Who Should Play Bassoon? Discussion of challenges and advantages to playing bassoon by Terry B. Ewell. This is a remake of BDP#24. BDP #341, www.2reed.net.

[Music: Orefici’s Melodic Study #5]

1. Welcome, this is Terry Ewell and I am going to devote this video to talking about my favorite instrument—the bassoon. I wish that everyone had the chance to play this marvelous instrument, but unfortunately not all are suited for the instrument or the instrument for them.

2. Now the fact that you are watching this video indicates that your personality might be well suited to the bassoon. I have noticed over the years that students who choose the bassoon are usually independent thinkers, willing to be different, and interested in unusual challenges. Bassoonists are a bit quirky and generally enjoy the unusual. If that describes you, then you have found a great instrument.

3. However, an interest in the instrument is just not enough for compatibility. I want to make sure that you know if the instrument is a good fit for you. Now, this video is produced for distribution in four world languages. Sorry, if I don’t adequately or accurately cover all of the considerations you need in your location or culture for deciding whether to study bassoon. However, I hope to help you along with that decision with my following comments. As I see it, there are two challenges and three advantages to playing the bassoon.

Challenge 1—Finger Length

4. In general, the bassoon requires a larger hand than other instruments. Let give you the key tests to see if your hand fits the instruments well. In the left hand cover the third hole (often called the C hole) and then reach for the speaker keys otherwise known as the flick keys. You should be able to reach these comfortably.

5. If that reach is uncomfortable there is fortunately a solution that might be helpful. Some bassoons—particularly student models—have an extra key to cover the C hole. This helps with the reach.

6. Now, in the right hand test out your ability to reach the little finger F# key. This reach is often not a problem particularly if you play without a crutch or hand rest.

7. In Australia and Europe some younger students are taught first on a mini bassoon also called a “Tiger Bassoon.” This instrument can be a first step for children to play the bassoon until their hands grow bigger.

Challenge 2—Cost

8. The second challenge for the instrument is its cost. Student model bassoons typically cost ten to fifteen times as much as student clarinets, four to five times as much as student flutes, and twice as much as student oboes. You will have to consider carefully how to obtain a bassoon: whether one is available on loan from a school or whether one needs to be purchased.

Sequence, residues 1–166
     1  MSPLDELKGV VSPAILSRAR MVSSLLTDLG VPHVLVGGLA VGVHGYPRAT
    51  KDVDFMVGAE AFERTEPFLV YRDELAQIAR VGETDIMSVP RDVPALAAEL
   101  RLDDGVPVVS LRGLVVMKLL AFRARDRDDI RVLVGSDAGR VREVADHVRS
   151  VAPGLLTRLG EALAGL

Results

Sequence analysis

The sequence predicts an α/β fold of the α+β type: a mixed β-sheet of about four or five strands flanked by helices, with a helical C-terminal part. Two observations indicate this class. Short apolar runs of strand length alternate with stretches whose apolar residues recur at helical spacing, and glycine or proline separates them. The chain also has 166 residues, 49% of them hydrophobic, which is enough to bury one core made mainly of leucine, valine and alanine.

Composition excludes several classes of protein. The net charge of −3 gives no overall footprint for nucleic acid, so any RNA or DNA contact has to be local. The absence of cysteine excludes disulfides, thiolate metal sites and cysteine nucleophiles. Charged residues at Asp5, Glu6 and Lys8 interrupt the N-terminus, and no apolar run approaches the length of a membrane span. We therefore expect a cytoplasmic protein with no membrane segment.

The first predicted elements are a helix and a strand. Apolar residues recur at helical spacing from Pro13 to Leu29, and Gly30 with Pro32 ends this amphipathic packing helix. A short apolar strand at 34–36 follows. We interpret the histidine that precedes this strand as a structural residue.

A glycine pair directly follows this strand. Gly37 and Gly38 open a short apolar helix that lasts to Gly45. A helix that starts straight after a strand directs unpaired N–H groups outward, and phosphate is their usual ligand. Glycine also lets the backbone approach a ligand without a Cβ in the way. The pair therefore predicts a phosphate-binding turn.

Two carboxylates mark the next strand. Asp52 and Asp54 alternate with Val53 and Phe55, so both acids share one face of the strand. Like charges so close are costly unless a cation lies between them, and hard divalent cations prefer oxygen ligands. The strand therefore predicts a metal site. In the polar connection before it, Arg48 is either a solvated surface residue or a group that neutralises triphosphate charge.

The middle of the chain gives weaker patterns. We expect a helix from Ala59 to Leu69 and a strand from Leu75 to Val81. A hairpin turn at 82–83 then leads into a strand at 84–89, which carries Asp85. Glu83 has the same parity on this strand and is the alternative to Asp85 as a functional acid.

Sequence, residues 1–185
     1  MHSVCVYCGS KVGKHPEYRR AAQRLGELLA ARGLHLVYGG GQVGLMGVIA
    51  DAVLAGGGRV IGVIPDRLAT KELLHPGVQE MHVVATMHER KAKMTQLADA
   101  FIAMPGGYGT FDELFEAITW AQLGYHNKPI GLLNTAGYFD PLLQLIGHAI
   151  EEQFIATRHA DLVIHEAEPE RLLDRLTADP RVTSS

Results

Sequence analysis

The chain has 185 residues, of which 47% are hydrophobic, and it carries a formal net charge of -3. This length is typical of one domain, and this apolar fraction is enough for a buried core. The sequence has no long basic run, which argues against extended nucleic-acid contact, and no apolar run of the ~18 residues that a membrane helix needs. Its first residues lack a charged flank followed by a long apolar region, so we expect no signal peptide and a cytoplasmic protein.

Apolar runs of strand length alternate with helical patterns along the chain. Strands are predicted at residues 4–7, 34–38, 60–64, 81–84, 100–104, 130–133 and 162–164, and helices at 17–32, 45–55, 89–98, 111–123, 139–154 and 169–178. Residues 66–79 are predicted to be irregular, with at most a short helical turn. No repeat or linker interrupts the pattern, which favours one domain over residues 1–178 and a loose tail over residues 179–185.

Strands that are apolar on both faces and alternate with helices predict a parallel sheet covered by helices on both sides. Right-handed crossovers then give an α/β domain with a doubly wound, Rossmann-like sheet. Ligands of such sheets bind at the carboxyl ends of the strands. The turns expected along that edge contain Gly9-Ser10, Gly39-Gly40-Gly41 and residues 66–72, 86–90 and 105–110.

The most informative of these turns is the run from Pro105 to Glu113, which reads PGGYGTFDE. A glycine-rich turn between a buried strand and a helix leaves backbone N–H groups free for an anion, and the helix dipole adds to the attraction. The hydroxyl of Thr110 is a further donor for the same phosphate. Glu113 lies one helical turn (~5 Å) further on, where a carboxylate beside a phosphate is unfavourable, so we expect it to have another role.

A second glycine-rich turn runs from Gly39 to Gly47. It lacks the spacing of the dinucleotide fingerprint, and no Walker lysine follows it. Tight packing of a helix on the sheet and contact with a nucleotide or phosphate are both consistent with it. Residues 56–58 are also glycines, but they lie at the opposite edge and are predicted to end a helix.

9. I caution you here against the purchase of a cheap bassoon that has poor intonation and other problems. Starting on a bad instrument is a disastrous situation for a young student. This will discourage even the most diligent student. I urge you to compare carefully the bassoon you are considering purchasing with those produced by the Fox Corporation.

10. The Fox Corporation does not sponsor me, and I have always been reluctant to promote one bassoon maker over another. But in this case, there are so many poor, cheap bassoons on the market that I need to caution you to take the time to make comparisons. The Fox or Renard bassoons really set the industry standard. Renard is the name used by the Fox Corporation for their student model bassoons.

11. The cost of instrument is not the only consideration, however. A bassoon reed will cost about ten times as much as a clarinet reed and most often more than an oboe reed. This cost must also be factored into your decision.

12. Well, that said I now want to talk about the many advantages of playing the bassoon.

Advantage 1—2reed.net and losfagotistas.com.ar

13. First of all, I have made it a very important part of my life to furnish free educational around the world. I am trying to bring down the cost of education for bassoonists. If you make use of 2reed.net you can reduce expenses for purchasing music, music instruction, and paying to practice with accompanists. There are thousands of free materials and videos on my website. I have created these materials over forty years. In particular I want to point out that my online curriculum begins with this video and progresses through every level of bassoon instruction even to items of interest for graduate students in universities.

14. For those listening to this video in Spanish, I also want to alert you to the marvelous website by Los Fagotistas. This site, hosted by Carlos Arias Sanchez, provides free materials from numerous bassoon teachers and artists.

Advantage 2—Performing with Dental Braces

15. The second advantage for those with dental braces or dental hardware and wires. The bassoon embouchure is quite forgiving and does not place the same pressure on the front teeth as found with brass instruments or single reed instruments. Dental braces make it particularly difficult to play the flute, but this is far less on issue on the bassoon.

Advantage 3—Rarity of the Instrument

16. The last advantage is the rarity of the instrument. This means that a promising student on the instrument will have more opportunities in ensembles and gain more performance experience. It is a great instrument for amateur adults as well. Every woodwind quintet needs as many bassoonists as flutists, but because there are so fewer bassoonists there are many more opportunities to play and perform in groups.

17. Well, I hope that this has been helpful to you. I would be so happy if you decide to play my favorite instrument. I have enjoyed playing it since I was eight years old and now fifty-five years later, I am still excited to get my hands on this wonderful, wonderful instrument, the bassoon. Bye.
[Music: Orefici’s Melodic Study #5]